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Mustard family member seen as biofuel source

USDA-ARS
Reseachers are looking at Lesquerella (a.k.a. Fendler’s bladderpod and Yellow Top), a member of the mustard family that’s native to the U.S. Southwest, as a home-grown source of butanol.
Photo courtesy USDA-ARS

Lesquerella (a.k.a. Fendler’s bladderpod and Yellow Top) is a member of the mustard family that’s native to the U.S. Southwest. But Agricultural Research Service scientists are now eyeing it as a home-grown source of butanol.

Butanol is a cleaner-burning alternative to gasoline that was produced worldwide until after World War II, when making this fuel from petroleum sources proved more efficient than fermenting it from corn and molasses.

Now, using the latest advances in fermentation and product-recovery technology, a team at ARS’ National Center for Agricultural Utilization Research in Peoria, Ill., hopes to rekindle the production of butanol as a biobased fuel, among other groups.

Towards that end, they’ve conducted research to expand the list of butanol feedstocks that can be used — from fiber-rich crop residues like wheat straw, sweet sorghum bagasse and corn stover, to food wastes and processing byproducts like dried distillers grains and solubles and “presscake” (the crushed remains of lesquerella seed whose oil has been extracted).

The team’s efforts are part of a broader umbrella effort at the ARS center to create new, value-added markets for agricultural commodities, especially if they can serve as sustainable alternatives to petroleum-based fuels.

According to ARS chemical engineer Nasib Qureshi, the Peoria center also has a long history of investigating native or naturalized plants with potential development as new oilseed crops — pennycress, cuphea and meadowfoam among them.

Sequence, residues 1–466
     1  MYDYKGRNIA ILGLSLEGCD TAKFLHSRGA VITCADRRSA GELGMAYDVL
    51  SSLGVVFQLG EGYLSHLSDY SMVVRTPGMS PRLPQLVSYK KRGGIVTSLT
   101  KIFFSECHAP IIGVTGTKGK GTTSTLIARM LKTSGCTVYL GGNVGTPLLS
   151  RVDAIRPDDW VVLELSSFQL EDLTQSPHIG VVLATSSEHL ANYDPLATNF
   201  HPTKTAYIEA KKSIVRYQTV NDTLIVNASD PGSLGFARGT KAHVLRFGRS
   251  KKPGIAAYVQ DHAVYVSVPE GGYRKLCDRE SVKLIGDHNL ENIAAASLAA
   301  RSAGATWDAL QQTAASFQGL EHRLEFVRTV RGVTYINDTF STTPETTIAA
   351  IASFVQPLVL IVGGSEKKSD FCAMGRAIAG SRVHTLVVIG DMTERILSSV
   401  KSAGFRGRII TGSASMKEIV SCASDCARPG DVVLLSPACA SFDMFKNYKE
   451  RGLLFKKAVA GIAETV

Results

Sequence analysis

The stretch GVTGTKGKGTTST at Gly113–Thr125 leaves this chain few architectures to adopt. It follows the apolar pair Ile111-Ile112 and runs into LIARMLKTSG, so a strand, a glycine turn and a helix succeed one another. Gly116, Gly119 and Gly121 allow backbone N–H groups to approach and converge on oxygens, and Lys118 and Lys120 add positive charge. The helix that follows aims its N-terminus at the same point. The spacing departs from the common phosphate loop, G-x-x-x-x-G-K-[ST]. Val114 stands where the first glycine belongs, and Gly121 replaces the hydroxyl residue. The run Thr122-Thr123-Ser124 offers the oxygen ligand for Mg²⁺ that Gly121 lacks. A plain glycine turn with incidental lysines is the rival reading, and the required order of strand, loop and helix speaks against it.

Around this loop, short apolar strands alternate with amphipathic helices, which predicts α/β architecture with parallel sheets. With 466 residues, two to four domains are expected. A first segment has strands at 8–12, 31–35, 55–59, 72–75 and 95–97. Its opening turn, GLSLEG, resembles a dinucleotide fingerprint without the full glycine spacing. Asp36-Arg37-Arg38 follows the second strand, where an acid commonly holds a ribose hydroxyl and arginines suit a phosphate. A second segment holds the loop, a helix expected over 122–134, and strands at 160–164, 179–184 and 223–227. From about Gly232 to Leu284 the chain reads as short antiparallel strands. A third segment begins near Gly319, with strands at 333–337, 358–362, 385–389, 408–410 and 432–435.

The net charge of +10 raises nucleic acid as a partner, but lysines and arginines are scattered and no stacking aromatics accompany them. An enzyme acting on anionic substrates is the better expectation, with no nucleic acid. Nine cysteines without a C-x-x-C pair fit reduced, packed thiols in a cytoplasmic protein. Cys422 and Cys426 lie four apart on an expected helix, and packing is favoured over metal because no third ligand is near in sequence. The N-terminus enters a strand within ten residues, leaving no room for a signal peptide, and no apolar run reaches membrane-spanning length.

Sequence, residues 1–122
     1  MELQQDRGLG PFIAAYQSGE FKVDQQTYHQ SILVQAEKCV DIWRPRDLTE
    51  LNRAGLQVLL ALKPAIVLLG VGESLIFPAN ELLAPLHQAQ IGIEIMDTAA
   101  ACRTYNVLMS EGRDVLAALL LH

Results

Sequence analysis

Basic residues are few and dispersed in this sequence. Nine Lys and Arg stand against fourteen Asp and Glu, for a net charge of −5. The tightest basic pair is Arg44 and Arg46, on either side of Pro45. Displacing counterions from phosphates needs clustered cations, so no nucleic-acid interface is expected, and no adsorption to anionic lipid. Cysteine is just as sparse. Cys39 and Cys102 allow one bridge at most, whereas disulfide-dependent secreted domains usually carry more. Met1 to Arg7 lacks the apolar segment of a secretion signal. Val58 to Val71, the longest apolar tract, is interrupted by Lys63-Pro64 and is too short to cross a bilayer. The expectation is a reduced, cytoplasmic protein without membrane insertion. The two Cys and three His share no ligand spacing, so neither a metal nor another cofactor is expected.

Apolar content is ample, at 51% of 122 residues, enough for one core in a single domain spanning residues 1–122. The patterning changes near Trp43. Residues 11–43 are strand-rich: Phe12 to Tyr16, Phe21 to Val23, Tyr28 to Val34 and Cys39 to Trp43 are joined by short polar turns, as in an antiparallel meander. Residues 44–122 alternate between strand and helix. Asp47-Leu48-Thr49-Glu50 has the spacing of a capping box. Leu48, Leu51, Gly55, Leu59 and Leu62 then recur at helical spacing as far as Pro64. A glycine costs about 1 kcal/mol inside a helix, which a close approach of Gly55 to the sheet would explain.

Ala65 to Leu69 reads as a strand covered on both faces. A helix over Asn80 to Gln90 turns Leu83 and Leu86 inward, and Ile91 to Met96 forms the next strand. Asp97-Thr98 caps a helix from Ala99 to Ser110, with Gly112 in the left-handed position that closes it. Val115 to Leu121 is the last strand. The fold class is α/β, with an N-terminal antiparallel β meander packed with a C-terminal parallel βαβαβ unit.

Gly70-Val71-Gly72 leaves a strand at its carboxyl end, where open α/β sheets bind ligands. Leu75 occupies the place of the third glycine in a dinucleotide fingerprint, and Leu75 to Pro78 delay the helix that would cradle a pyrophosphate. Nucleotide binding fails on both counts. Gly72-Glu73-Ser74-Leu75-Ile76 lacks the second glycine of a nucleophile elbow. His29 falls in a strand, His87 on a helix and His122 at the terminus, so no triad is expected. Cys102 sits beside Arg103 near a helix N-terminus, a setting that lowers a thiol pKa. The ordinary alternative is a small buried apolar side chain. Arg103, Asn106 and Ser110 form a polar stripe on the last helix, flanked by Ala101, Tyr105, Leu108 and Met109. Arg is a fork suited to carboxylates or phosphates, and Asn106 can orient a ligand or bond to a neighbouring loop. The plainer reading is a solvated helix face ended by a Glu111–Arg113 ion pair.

Lesquerella first caught ARS researchers’ attention years ago for the high hydroxy fatty acid content of its oil, which is critical to making high-quality lubricants, paints and other products.

However, the resulting presscake can’t be fed to livestock because of its nutrient-blocking properties, and landfilling poses a waste disposal problem. This also presents a hurdle to commercialization. Fortunately, Qureshi’s team saw an untapped resource in the presscake, namely, a bevy of carbohydrates can be used to make butanol.

Together with ARS colleagues Rogers Harry-O’Kuru, Siqing Liu and Badal Saha, Qureshi used a multi-step process for pretreating the presscake and rendering it into a sugar-enriched broth that Clostridium beijerinckii bacteria can then ferment into not only butanol, but also acetone and ethanol (though, in lesser amounts).

In laboratory trials, the approach produced 11-14 grams of butanol per liter of presscake. The total chemical production (combined butanol, acetone and ethanol) was 19 to 29 grams per liter — a nearly 67 percent increase over using corn and glucose sources to produce these three same chemicals, noted Qureshi, whose team plans on scaling-up their experiments using two-liter bioreactors and, if successful, even larger ones.

Keeping feedstock costs down is key to making butanol competitive with gasoline, he added. At $25 a ton or less, lesquerella presscake would command a selling price of $2.27 or less a gallon, he estimated — about a dollar less than from sweet sorghum, another promising feedstock source.

Lesquerella’s potential to help “fuel” butanol’s comeback would also hinge on research to breed and cultivate the plant as a dedicated bioenergy crop.

Qureshi said that prospect isn’t so far-fetched considering the soybean’s rise from an obscure livestock forage in the late 1800s to the versatile U.S. cash crop it has become today — second only to corn. ❖


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